Being a Generalist in a Specialized World

Tiger Woods and Roger Federer have a lot in common. They both became superstars at a young age in their respective sports. They both compete individually and have captured almost every record attainable in golf and tennis respectively. Their path to stardom could not be much different. Tiger held a golf club before he could walk, was winning tournaments at age 4 (against 10 year olds!) and was coached by his father relentlessly in the pursuit of conquering golf, the stuff of legend.

Roger dabbled in multiple sports until his late teens, his mother refused to coach him even though she is a professional tennis coach, he demanded to stay with his peers instead of moving up age brackets so he could play with his friends, waiting as long as possible to specialize in tennis and forgo other pursuits, such as soccer and surfing, the stuff of the average youth athlete.

In the New York best selling book Range, David Epstein argues that there is ample evidence that the approach of Roger is superior for success in all aspects of life over that of Tiger. How can this be?

We have all heard the 10,000 hour dedicated practice mantra, how important it is for young athletes to pick a sport at an early age and focus on it year round. Want to raise an accomplished musician? Pick their instrument for them, before they can form their own opinion. Tiger Mom! These ideas make sense emotionally and even are confirmed in the early stages of training, but research across multiple disciplines and sports have shown that it is not only a short term illusion, but in the long term it is a detriment to performance and success. Britain’s Olympic team began requiring a multiple sport approach in training their athletes and were rewarded with multiple gold medals.

The research holds up in the arts, sports, and even business and science. Generalists triumph in a specialized world! The book goes into detail across human pursuits but I wanted to narrow the focus on exercise and performance. This concept is not new to exercise and endurance athletes, cross training and its benefits have been known for a long time. But what do you do if you are an amateur athlete who enjoys distance running or triathlons?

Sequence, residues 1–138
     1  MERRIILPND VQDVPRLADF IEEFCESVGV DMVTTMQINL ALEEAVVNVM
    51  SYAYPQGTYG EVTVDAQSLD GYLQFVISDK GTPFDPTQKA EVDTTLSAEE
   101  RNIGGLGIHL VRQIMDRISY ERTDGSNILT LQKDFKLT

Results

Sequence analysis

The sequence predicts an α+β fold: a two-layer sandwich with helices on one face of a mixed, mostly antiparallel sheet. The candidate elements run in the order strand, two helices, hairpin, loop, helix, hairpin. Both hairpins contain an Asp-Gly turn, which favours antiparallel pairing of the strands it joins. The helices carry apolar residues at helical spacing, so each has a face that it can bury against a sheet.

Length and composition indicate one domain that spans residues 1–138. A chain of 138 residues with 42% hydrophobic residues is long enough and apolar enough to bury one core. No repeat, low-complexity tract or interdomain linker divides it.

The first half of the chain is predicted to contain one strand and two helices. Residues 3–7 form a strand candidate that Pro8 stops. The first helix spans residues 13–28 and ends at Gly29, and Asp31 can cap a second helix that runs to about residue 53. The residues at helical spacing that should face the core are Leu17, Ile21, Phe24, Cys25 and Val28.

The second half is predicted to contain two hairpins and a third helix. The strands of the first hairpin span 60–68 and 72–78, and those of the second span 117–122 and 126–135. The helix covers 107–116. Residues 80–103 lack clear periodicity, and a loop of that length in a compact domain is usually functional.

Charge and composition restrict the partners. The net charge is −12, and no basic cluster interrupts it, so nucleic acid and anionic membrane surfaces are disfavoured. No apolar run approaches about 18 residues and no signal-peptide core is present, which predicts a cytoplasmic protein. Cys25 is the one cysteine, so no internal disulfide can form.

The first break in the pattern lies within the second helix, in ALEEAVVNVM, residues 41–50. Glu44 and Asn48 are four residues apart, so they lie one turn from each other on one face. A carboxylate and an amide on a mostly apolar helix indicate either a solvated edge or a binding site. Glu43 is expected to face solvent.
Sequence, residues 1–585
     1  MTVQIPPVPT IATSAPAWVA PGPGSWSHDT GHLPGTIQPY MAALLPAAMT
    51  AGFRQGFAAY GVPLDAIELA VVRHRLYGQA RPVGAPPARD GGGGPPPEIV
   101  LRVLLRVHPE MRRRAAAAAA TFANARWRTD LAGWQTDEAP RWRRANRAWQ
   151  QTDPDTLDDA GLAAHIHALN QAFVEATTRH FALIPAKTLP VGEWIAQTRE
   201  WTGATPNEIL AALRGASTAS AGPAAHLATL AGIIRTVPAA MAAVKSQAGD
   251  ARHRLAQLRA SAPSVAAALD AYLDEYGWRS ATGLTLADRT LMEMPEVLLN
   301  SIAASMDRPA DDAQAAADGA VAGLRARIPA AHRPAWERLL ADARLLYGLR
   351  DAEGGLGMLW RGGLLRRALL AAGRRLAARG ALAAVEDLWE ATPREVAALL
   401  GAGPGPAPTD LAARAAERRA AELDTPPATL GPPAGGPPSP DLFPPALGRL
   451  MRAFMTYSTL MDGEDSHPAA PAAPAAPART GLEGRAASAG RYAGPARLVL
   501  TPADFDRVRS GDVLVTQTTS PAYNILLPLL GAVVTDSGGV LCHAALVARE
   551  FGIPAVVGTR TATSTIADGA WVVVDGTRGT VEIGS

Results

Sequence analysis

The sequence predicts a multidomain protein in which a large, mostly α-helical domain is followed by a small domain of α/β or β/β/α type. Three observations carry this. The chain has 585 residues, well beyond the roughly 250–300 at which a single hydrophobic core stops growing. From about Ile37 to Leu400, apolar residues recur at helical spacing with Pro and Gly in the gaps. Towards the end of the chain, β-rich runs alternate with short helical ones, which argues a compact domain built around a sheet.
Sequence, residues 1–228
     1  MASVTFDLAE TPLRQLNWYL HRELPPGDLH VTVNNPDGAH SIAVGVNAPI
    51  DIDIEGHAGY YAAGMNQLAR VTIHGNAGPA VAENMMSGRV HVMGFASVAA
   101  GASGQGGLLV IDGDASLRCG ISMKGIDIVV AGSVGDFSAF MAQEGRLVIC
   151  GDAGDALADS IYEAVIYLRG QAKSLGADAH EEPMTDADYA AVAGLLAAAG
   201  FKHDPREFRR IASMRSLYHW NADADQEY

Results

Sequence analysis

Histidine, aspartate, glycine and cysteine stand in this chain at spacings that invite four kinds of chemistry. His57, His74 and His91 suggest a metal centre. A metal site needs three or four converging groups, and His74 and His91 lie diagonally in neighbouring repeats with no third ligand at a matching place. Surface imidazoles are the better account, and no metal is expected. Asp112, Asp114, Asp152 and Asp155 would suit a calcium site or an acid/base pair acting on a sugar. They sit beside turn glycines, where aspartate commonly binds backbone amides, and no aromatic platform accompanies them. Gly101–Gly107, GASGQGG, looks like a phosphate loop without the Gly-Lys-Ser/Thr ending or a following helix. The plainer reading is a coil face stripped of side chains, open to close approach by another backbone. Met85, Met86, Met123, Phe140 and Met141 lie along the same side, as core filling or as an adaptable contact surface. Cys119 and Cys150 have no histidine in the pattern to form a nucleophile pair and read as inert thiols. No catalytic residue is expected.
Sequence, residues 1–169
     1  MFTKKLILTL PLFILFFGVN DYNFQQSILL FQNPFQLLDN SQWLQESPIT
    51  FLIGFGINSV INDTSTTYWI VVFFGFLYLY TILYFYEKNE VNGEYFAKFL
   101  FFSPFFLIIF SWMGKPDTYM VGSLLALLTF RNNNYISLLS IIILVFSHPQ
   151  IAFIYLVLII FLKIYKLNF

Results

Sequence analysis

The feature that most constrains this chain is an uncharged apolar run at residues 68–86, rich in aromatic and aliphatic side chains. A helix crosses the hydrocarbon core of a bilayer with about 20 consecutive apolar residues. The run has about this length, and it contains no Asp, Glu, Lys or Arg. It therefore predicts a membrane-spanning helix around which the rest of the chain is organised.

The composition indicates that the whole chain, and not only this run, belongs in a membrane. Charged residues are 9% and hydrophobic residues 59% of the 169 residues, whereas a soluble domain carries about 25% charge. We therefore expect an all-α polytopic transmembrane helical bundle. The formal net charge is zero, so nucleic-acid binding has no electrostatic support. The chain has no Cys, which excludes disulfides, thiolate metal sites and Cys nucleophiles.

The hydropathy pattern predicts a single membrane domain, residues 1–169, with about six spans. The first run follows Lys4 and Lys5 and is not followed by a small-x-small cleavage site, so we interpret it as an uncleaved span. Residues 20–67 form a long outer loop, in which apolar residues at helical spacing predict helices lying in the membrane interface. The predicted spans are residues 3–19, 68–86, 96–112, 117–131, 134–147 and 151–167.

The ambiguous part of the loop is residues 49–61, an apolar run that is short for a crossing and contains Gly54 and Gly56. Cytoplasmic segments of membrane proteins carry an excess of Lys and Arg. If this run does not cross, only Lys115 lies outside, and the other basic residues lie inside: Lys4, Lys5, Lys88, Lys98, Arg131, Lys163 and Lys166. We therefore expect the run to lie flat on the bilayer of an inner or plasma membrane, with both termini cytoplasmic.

You only have so much time available to train. Most of us focus on the specialty and forgo the general. I have seen this personally with my spouse. The problem with this approach is not only overtraining and injury, but you are probably diminishing your performance.

Obviously if you want to run a 5k, 10k, marathon, ride 100 milers, or complete a triathlon you need to train at those specific events. But you also need to cross train.

You will improve strength and stamina and help prevent injury. The solution? Invest in 2-3 30 minute general fitness workouts each week. The holistic approach at BCS Fitness will ensure you avoid overtraining and reduce your injury risk.

You may even find that backing off a little bit on your specialization and focusing on the general will improve your performance as our own Jori Kennedy recently did at the Spa Girl Sprint Tri. She felt stronger than ever climbing hills on the bike and the only change in her training was working out at BCS Fitness! We have heard other clients espouse the same experience, and if they’d only known how much they could accomplish in a short period of time they would have started ages ago.

If you are not a specialized athlete concerned with running, biking, etc, you too will reap more benefit and injury prevention from a holistic approach to exercise than the same routine over and over. Obviously both Tiger and Roger are special athletes and have had tremendous success, but one of them has 20 career majors, 0 major scandals and injuries to the others 15-1-and endless.

💻Written by Jared MacDonald